Nik Kantar

Tuesday, December 2, 2014

Sorting with Randomization

Sorting with pure chance, with some elementary stats.

I found a fascinating post last week on /r/ProgrammerHumor: optimize later.

Here's the original image:

Original image

Yes, this piece of code sorts a specific string by randomizing it infinitely and comparing it to the desired result. Once the desired result has been achieved, it prints the string and stops execution.

Without even getting into why one would need to sort a known string and compare it to a known result before returning, I want to look into the (in)efficiency of the code in question.

Reproducing the "Solution" to the Problem

Let's start with some Python code that operates more/less the same way:

#!/usr/bin/python
import sys, random

string_source = 'typewriter'
string_target = 'eeiprrttwy'

for i in xrange(0, sys.maxint):

    string_list = list(string_source)
    random.shuffle(string_list)
    string_result = ''.join(string_list)

    if (string_result == string_target):
        break

    if i == sys.maxint - 1:
        i = 0

Since simply rewriting the code in Python isn't particularly interesting, we should run it a few times and keep track of some numbers:

#!/usr/bin/python
import sys, random

string_source = 'typewriter'
string_target = 'eeiprrttwy'
runs = []

for run in xrange(0, 100):

    for i in xrange(0, sys.maxint):

        string_list = list(string_source)
        random.shuffle(string_list)
        string_result = ''.join(string_list)

        if (string_result == string_target):
            runs.append(i)
            break

        if i == sys.maxint - 1:
            i = 0

print runs

The Long-Awaited Results

The raw result is a 100-element list full of hilariously large numbers:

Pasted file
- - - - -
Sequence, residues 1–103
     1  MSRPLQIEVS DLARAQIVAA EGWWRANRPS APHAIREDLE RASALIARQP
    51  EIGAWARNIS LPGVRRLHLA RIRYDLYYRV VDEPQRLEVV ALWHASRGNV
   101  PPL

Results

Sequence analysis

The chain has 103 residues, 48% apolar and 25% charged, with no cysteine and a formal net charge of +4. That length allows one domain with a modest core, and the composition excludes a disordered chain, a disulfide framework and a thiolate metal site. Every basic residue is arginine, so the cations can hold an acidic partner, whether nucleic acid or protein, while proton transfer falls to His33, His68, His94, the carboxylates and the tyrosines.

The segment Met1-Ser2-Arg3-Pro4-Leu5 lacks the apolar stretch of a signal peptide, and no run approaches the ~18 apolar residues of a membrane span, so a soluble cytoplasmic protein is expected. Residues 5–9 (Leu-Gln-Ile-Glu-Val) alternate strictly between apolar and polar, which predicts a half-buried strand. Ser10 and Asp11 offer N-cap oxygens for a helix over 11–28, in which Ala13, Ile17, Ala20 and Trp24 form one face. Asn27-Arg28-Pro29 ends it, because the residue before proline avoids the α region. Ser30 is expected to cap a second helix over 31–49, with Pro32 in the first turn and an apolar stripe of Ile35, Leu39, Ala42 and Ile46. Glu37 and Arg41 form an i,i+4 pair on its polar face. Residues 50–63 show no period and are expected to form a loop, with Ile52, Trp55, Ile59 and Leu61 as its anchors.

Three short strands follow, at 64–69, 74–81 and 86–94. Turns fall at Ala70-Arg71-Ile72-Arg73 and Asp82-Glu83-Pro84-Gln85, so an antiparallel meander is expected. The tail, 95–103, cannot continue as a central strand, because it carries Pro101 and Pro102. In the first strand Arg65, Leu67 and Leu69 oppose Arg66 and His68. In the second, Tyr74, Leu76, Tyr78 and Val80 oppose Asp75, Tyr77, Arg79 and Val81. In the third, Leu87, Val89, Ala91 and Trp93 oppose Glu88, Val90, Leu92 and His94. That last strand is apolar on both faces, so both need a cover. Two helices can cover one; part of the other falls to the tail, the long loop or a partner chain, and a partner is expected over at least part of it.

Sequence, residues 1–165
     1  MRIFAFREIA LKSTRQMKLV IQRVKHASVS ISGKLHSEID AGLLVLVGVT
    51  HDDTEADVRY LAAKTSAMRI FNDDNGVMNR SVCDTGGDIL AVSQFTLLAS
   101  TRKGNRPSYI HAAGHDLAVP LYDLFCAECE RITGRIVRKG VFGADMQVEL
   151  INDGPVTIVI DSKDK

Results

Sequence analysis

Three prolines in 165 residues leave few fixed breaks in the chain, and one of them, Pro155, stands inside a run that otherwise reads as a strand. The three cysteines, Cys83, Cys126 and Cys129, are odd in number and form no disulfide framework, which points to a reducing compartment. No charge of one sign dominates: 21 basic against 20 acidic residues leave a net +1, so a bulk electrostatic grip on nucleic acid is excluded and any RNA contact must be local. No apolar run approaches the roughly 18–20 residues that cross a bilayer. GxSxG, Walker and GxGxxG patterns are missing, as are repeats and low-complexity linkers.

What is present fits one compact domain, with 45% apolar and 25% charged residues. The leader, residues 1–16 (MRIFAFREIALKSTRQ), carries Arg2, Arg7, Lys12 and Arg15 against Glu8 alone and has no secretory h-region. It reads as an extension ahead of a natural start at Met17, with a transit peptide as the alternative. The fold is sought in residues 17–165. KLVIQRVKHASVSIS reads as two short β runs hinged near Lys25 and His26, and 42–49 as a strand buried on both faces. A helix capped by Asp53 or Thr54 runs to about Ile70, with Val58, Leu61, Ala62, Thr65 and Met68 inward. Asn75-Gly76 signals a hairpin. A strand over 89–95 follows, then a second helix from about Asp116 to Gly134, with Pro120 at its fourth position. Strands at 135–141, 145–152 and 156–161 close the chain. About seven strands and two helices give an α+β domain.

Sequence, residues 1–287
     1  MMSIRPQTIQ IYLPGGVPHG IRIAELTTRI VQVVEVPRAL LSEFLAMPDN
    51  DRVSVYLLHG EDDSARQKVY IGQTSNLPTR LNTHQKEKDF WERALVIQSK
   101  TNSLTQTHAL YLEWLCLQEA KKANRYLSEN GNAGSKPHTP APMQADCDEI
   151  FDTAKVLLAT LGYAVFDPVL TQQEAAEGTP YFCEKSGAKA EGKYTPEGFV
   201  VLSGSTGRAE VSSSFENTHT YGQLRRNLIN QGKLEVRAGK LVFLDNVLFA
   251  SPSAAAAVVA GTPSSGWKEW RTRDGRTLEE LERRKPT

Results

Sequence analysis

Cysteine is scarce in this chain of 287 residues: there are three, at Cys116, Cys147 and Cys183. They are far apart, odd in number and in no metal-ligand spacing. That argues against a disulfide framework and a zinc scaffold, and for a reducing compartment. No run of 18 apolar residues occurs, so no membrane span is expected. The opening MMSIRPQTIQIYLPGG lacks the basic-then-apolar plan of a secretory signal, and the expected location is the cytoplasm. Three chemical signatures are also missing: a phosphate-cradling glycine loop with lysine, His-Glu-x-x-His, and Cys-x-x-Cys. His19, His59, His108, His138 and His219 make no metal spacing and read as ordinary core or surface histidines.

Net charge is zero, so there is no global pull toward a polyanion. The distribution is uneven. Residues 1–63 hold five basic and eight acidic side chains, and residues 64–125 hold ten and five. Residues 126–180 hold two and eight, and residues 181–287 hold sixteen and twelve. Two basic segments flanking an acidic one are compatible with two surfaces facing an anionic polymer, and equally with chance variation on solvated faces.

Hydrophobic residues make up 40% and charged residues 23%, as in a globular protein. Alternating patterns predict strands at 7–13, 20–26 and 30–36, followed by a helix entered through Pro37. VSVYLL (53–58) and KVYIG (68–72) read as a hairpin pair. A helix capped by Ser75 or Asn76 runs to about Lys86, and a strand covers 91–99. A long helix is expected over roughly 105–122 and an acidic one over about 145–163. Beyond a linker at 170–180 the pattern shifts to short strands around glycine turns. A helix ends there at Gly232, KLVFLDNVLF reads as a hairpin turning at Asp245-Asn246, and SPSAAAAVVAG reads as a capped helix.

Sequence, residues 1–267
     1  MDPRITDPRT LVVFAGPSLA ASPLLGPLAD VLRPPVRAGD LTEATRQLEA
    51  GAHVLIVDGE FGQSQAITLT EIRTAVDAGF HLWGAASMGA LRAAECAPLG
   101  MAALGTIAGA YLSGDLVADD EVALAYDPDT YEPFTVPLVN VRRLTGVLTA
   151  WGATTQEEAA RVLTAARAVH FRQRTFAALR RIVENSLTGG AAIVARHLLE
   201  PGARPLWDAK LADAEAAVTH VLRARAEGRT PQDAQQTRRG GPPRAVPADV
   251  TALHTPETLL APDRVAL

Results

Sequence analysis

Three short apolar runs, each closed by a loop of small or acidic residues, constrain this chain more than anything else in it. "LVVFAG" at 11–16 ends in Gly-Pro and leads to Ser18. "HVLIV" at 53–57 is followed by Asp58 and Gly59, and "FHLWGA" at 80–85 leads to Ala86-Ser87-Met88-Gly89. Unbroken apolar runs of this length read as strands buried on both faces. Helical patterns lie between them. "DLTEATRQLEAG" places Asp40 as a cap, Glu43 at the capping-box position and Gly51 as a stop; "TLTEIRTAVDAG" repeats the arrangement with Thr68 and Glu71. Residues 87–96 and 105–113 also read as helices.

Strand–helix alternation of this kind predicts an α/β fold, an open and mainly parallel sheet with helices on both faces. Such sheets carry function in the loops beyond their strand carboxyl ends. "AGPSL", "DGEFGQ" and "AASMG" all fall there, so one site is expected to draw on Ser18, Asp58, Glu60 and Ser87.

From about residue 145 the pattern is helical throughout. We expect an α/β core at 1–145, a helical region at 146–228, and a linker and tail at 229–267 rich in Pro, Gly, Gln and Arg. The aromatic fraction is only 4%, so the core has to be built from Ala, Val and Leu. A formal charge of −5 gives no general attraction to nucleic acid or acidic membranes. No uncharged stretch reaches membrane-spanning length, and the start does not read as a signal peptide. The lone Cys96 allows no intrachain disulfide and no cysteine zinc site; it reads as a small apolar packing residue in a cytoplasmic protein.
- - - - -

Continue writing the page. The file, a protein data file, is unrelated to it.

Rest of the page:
[269549, 137496, 240377, 484345, 673976, 1613987, 92846, 352143, 1136790, 2108562, 876595, 642806, 323282, 1513, 109430, 591031, 515341, 49572, 1079214, 1718, 336642, 85076, 187450, 34702, 1220284, 684380, 1053765, 1793595, 300108, 1459472, 636922, 276027, 201474, 706707, 492543, 1462999, 425504, 330468, 539478, 563176, 623868, 245793, 7367, 23726, 623156, 353938, 6188, 33855, 1148584, 7989, 840779, 52267, 236986, 429023, 672752, 986512, 345828, 987815, 987144, 26443, 1232278, 2447360, 276129, 319292, 1180522, 99683, 627885, 348592, 828685, 181212, 113842, 194562, 1433020, 352353, 1437230, 60914, 712325, 286642, 348062, 516207, 539552, 154839, 65763, 17699, 36090, 911231, 26066, 1898790, 407310, 625485, 77086, 453708, 1246709, 154345, 844968, 395168, 181864, 13757, 566216, 282737]

After 100 runs in 4 minutes, 47 seconds, we have a high of 2,447,360, low of 1,513, mean of 546,275, median of 374,553, and average run time of 2.87 seconds . These are numbers of shuffles necessary to sort via randomization.

If it's still not obvious why this is an absolutely appalling way to sort strings, consider this far simpler solution (again in Python):

#!/usr/bin/python

string_source = 'typewriter'
string_result = ''.join(sorted(string_source))

print string_result

This gives us 100 runs in 0.019 seconds, for an average run time of 0.00019 seconds, which is roughly 15,105.26 times faster.

In Conclusion

When you're sorting things, make sure you're, uhh, actually sorting them...


The presumed author of the code is Beck3570 and I'm not 100% sure if the whole thing (along with their previous posts) is a joke or not.


Image saved from Imgur.